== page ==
$\begin{array}{c}d\left({f}^{2}\left(x\right),{f}^{2}\left(y\right)\right)\hfill \\ \phantom{\rule{1em}{0ex}}\le \left(1-\epsilon \right)d\left(f\left(x\right),f\left(y\right)\right)+\gamma {\epsilon }^{\alpha }\psi \left(\epsilon \right){\left[1+\parallel f\left(x\right)\parallel +\parallel f\left(y\right)\parallel \right]}^{\beta }\hfill \\ \phantom{\rule{1em}{0ex}}\le \left(1-\epsilon \right)\left[\left(1-\epsilon \right)d\left(x,y\right)+\gamma {\epsilon }^{\alpha }\psi \left(\epsilon \right){\left(1+\parallel x\parallel +\parallel y\parallel \right)}^{\beta }\right]\hfill \\ \phantom{\rule{2em}{0ex}}+\gamma {\epsilon }^{\alpha }\psi \left(\epsilon \right){\left[1+\parallel f\left(x\right)\parallel +\parallel f\left(y\right)\parallel \right]}^{\beta }\hfill \\ \phantom{\rule{1em}{0ex}}\le \left(1-\epsilon \right)\left[\left(1-\epsilon \right)d\left(x,y\right)+\gamma {\epsilon }^{\alpha }\psi \left(\epsilon \right){\left(1+\parallel x\parallel +\parallel y\parallel \right)}^{\beta }\right]\hfill \\ \phantom{\rule{2em}{0ex}}+\gamma {\epsilon }^{\alpha }\psi \left(\epsilon \right){\left[1+\parallel x\parallel +\parallel y\parallel \right]}^{\beta }\hfill \\ \phantom{\rule{1em}{0ex}}={\left(1-\epsilon \right)}^{2}d\left(x,y\right)+\left(1-\epsilon \right)\gamma {\epsilon }^{\alpha }\psi \left(\epsilon \right){\left(1+\parallel x\parallel +\parallel y\parallel \right)}^{\beta }\hfill \\ \phantom{\rule{2em}{0ex}}+\gamma {\epsilon }^{\alpha }\psi \left(\epsilon \right){\left[1+\parallel x\parallel +\parallel y\parallel \right]}^{\beta }\hfill \\ \phantom{\rule{1em}{0ex}}={\left(1-\epsilon \right)}^{2}d\left(x,y\right)+\left(2-\epsilon \right)\gamma {\epsilon }^{\alpha }\psi \left(\epsilon \right){\left(1+\parallel x\parallel +\parallel y\parallel \right)}^{\beta }\hfill \\ \phantom{\rule{1em}{0ex}}\le \left(1-\epsilon \right)d\left(x,y\right)+2\gamma {\epsilon }^{\alpha }\psi \left(\epsilon \right){\left(1+\parallel x\parallel +\parallel y\parallel \right)}^{\beta }.\hfill \end{array}$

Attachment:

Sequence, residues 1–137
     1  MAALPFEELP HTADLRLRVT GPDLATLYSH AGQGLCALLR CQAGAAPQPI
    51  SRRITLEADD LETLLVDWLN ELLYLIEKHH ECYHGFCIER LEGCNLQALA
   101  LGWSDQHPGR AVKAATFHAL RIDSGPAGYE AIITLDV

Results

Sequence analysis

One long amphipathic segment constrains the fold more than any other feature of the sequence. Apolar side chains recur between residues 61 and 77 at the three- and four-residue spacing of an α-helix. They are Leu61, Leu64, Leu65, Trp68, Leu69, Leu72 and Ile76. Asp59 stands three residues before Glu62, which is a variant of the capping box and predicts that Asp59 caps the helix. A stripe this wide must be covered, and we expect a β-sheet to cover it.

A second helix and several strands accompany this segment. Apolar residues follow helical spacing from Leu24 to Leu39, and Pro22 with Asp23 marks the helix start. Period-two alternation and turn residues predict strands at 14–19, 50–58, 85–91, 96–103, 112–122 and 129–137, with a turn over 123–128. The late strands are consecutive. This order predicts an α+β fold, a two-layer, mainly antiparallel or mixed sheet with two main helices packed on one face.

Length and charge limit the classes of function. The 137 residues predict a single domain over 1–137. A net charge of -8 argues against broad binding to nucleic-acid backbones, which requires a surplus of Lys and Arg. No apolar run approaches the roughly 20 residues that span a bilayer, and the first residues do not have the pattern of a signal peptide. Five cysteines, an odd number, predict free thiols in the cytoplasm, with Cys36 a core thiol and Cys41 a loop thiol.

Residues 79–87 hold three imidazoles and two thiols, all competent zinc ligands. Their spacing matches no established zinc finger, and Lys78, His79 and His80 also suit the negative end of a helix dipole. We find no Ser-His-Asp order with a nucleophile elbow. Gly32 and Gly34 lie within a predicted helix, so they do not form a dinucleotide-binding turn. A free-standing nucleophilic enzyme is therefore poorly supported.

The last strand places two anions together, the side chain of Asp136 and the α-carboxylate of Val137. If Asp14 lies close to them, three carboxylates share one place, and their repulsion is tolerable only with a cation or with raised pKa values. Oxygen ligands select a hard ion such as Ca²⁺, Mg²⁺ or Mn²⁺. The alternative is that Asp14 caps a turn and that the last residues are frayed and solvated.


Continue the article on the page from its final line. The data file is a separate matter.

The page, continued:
Thus, we immediately get that, for $m\in \mathbb{N}$ with $m\ge 2$, we have

$d\left({f}^{m}\left(x\right),{f}^{m}\left(y\right)\right)\le \left(1-\epsilon \right)d\left(x,y\right)+m\gamma {\epsilon }^{\alpha }\psi \left(\epsilon \right){\left(1+\parallel x\parallel +\parallel y\parallel \right)}^{\beta }.$

Notice also that if ${\bigcup }_{i=1}^{m}{A}_{i}$ is a cyclic representation of X with respect to f, then each ${A}_{i}$ ($i\in \left\{1,2,\dots ,m\right\}$) is an invariant set with respect to ${f}^{m}$. Using these two remarks, we get the following periodic point theorem.

Theorem 2.4 Let $\left(X,d\right)$ be a complete metric space, m be a positive integer, ${A}_{1},\dots ,{A}_{m}$ be nonempty subsets of X, $Y:={\bigcup }_{i=1}^{m}{A}_{i}$, $\psi :\left[0,1\right]\to \left[0,\mathrm{\infty }\right)$ be an increasing function vanishing with continuity at zero and $f:Y\to Y$ be an operator such that $\parallel f\left(x\right)\parallel \le \parallel x\parallel$ for each $x\in Y$. Assume that:

1. 1.

${\bigcup }_{i=1}^{m}{A}_{i}$ is a cyclic representation of Y with respect to f.

2. 2.

There exists ${i}_{0}\in \left\{1,\dots ,m\right\}$ such that ${A}_{{i}_{0}}$ is closed.

3. 3.

For every $\epsilon \in \left[0,1\right]$ and each $x,y\in {A}_{{i}_{0}}$, we have where $\gamma \ge 0$, $\alpha \ge 1$ and $\beta \in \left[0,\alpha \right]$ are fixed constants.

Then, ${f}^{m}$ has a fixed point.

Proof Notice that, by the above considerations, ${f}^{m}$ is a self mapping on ${A}_{{i}_{0}}$ and it satisfies the condition (1.2) with constants α, β, and function ψ. Thus, by Theorem 1 in  we get the conclusion. □

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Alghamdi, M.A., Petruşel, A. & Shahzad, N. A fixed point theorem for cyclic generalized contractions in metric spaces. Fixed Point Theory Appl 2012, 122 (2012). https://doi.org/10.1186/1687-1812-2012-122

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### Keywords

• Point Theorem
• Fixed Point Theorem
• Nonempty Subset
• Fixed Point Theory
• Unique Fixed Point